How did the rest of the shoot progress?
The actual shoot was quite a breeze actually. We had three days and were lucky enough to be funded by the Dutch public broadcasting company (NTR), which has a great program where every year they finance ten short films, so we could do everything necessary and even get paid a little. We shot on an Arri Amira with Cooke Panchro lenses in an abandoned house where we had full control over the art direction. This allowed us to work with a very specific color scheme that we borrowed from Antonioni – I hope you noticed that you hardly noticed this, but I think it works really well to convey the mood.
I love the hodgepodge nature of his homemade time machine, what influenced the production design of that?
First of all it is important to note that I was very keen on treating the time travel as something that really happens in the world of the story. Although the story is open to being read as a fantasy, his imagination of escape, I wanted to treat it like it was real. Apart from not using a ‘it was all just a fantasy’ reveal in the story, this had consequences for other choices.
Except for the splitscreen in the final scene all of the special effects are practical to make them as ‘real’ as possible. A similar thing goes for the time machine itself. It was very important to me that it really ‘worked’, with lights and power buttons and even sound. Together with the art director and our prop artist we designed a machine that consisted of old objects that you can find in an attic or storage: old VCR’s and amplifiers, a toaster and a helmet.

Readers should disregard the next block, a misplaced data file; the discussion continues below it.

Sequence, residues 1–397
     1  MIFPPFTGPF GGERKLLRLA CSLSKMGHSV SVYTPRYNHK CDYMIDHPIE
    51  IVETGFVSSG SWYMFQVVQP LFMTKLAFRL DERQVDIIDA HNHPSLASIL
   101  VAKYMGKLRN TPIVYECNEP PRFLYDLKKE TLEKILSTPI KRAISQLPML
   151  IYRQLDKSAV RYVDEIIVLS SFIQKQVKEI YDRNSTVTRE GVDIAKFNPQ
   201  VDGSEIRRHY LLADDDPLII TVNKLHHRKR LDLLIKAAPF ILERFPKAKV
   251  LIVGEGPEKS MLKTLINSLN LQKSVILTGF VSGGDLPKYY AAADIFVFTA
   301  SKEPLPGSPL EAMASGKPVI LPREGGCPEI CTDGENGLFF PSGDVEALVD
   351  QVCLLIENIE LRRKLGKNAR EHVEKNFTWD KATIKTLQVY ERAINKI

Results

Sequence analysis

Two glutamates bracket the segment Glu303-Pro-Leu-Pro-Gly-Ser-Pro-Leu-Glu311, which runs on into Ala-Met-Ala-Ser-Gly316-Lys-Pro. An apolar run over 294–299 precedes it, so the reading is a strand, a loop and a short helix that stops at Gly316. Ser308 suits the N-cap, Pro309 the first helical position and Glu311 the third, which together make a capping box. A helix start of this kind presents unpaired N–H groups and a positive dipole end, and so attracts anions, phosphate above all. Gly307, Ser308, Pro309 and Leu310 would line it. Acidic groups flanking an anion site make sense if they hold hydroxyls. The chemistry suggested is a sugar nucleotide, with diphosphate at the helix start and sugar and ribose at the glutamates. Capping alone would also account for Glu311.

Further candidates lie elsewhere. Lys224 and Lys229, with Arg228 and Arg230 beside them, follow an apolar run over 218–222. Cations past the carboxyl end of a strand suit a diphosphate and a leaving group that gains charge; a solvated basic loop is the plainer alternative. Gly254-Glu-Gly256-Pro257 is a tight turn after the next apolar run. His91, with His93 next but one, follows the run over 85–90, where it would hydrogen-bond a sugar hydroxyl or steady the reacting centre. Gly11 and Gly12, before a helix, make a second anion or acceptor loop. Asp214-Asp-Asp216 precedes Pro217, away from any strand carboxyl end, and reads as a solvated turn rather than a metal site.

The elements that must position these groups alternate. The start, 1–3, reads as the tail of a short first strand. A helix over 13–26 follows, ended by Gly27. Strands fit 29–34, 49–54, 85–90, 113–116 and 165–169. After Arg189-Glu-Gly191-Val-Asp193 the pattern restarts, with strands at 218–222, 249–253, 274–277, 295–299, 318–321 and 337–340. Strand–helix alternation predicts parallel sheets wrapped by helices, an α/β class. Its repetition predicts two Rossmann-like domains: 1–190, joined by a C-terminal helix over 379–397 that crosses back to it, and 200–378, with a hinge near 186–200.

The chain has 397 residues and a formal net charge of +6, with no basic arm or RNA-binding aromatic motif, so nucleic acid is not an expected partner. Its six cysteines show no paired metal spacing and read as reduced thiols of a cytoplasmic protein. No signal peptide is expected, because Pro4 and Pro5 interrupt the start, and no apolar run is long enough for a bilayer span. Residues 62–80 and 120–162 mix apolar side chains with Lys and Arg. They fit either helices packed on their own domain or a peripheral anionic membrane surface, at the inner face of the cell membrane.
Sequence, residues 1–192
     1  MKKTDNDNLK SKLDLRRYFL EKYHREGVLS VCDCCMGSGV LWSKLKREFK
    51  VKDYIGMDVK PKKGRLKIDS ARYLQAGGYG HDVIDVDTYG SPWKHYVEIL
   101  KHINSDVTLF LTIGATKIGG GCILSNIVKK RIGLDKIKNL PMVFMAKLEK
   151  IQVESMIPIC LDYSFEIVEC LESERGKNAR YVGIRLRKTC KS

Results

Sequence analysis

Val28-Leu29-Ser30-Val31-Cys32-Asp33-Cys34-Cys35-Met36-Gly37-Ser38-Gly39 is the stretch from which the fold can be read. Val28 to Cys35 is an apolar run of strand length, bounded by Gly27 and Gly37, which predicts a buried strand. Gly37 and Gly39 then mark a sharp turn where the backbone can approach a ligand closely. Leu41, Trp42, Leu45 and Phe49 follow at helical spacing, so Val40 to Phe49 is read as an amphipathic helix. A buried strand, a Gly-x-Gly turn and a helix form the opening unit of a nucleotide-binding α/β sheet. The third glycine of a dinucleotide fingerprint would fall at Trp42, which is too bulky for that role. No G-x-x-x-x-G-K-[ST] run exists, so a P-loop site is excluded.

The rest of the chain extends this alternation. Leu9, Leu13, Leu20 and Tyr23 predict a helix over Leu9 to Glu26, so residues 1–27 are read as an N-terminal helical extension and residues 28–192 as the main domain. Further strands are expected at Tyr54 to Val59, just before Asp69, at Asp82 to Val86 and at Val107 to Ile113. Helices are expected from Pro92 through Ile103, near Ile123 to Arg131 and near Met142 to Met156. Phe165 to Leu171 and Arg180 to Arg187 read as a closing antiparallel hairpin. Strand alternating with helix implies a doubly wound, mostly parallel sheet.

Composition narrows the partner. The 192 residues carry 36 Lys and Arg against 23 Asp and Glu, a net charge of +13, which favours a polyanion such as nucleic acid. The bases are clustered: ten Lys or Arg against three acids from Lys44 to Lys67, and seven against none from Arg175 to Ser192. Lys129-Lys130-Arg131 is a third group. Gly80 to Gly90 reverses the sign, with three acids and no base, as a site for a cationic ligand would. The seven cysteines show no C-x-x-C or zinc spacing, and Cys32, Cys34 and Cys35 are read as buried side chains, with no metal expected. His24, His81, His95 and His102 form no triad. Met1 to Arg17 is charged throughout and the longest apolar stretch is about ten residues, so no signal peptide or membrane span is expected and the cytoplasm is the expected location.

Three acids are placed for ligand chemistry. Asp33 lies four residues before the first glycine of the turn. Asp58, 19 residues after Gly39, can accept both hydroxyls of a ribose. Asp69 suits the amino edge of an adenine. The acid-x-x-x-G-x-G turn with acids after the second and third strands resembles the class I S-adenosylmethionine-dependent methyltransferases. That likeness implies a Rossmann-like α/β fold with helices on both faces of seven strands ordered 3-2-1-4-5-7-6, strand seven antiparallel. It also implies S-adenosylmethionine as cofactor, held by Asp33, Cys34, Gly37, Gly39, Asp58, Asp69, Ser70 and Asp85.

If you look closely you’ll notice all elements are analog, nothing needs a computer. This is to reflect the way in which an eight year old would envision this, somewhere in between his imagination and something that might actually work. I remember a book I used to read as a child in which a group of children build an airplane from household appliances when their parents are off for the weekend, and actually succeed in flying it – it had to be something like that. I think we succeeded really well in this.
Did the temporal jumps of the story complicate the edit at all?
I’m used to spending a lot of time in the edit fixing problems that we hadn’t foreseen, but in this case editing was quite easy as well. Only one short scene that I’d shot as a back up in case the mother’s depression wasn’t clear enough was left out, and the rest pretty much worked right away.